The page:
German Finance Minister Olaf Scholz said that the British economy would face “consequences” if the United Kingdom decides to break the divorce agreement with new domestic legislation. The post-Brexit trade talks between the UK and the European Union has descended into war-of-words after British Prime Minister Boris Johnson hinted at a willful violation of the divorce treaty.
After a meeting of EU finance ministers in Berlin, Scholz told reporters that no-deal Brexit would have “very significant” consequences for the British economy. He insisted that Europe has been preparing for the transition and would be able to deal with it, stressing that there won’t be particularly difficult consequences for the bloc.
"My assessment is that a disorderly situation would have very significant consequences for the British economy; Europe would be in a position to deal with it, and there wouldn't be particularly severe consequences after the preparations we have already made," said Scholz.
Earlier, British PM had said that a no-deal exit would be a “good outcome for the UK”, triggering strong reactions from the 27-member bloc. UK government tabled a controversial new bill which will override parts of the Withdrawal Agreement struck with the EU ahead of Brexit. European Commission President Ursula von der Leyen said that no-deal exit would undermine trust and break the international law.
European Council President Charles Michel said that the Withdrawal Agreement was concluded and ratified by both sides and has to be applied in full. He added that breaking international law is not acceptable and does not create the confidence they need to build our future relationship. Maroš Šefčovič, a senior EU official, called for an extraordinary joint committee meeting as soon as possible.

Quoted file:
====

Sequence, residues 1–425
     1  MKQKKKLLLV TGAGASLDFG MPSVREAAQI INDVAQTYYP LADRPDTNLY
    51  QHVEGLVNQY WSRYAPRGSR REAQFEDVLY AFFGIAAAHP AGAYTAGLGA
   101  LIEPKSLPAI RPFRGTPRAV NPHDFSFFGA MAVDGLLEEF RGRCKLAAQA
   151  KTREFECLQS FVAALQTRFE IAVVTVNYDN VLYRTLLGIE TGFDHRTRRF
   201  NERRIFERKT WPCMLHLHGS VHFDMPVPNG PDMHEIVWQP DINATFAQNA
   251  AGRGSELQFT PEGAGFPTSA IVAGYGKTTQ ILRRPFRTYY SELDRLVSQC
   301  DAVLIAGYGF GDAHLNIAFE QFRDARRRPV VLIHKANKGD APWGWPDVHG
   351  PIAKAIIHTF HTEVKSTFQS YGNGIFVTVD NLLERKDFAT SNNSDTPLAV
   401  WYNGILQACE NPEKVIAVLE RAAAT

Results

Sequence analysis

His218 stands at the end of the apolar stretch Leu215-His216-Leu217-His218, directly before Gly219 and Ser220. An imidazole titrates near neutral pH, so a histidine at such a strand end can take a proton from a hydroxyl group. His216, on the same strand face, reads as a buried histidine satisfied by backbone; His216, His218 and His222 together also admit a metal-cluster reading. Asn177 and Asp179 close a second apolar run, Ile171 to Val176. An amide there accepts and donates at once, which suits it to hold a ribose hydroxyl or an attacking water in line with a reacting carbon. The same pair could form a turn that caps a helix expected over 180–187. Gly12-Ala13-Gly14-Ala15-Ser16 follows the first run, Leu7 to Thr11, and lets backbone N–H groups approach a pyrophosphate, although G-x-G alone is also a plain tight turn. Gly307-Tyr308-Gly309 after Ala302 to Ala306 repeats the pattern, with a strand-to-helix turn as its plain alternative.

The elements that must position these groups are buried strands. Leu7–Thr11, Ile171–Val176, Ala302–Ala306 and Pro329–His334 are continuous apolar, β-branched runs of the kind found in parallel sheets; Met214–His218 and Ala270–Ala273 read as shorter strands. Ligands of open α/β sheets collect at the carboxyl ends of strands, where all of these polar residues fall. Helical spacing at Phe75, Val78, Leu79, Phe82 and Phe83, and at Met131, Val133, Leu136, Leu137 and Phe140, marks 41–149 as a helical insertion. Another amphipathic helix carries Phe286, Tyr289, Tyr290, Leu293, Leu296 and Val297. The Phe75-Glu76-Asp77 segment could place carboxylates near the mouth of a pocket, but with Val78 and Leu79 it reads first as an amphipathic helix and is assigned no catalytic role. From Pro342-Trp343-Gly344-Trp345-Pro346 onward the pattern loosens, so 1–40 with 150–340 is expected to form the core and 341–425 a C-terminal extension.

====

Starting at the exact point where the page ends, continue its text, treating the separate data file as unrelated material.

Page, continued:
We expect the letter and spirit of the #WithdrawalAgreement to be fully respected. I have called for an extraordinary EU-UK Joint Committee to be held as soon as possible - so that our UK partners elaborate and respond to our strong concerns regarding their announcement. pic.twitter.com/MhhWj9MUnC— Maroš Šefčovič🇪🇺 (@MarosSefcovic) September 9, 2020
The UK has been facing backlash for its alleged “intransigent and unrealistic” attitude during the Brexit trade talks, leading to a stalemate after several rounds of negotiations. In August, Germany’s European affairs minister Michael Roth said that the UK needs to be more ‘realistic and pragmatic’ in the Brexit negotiations. At a working seminar with French ambassadors in Europe, Foreign Minister Jean-Yves Le Drian said that the European Union was united as ever to reach as the 27-member bloc prepares for an end of the transition period.
(With AP inputs)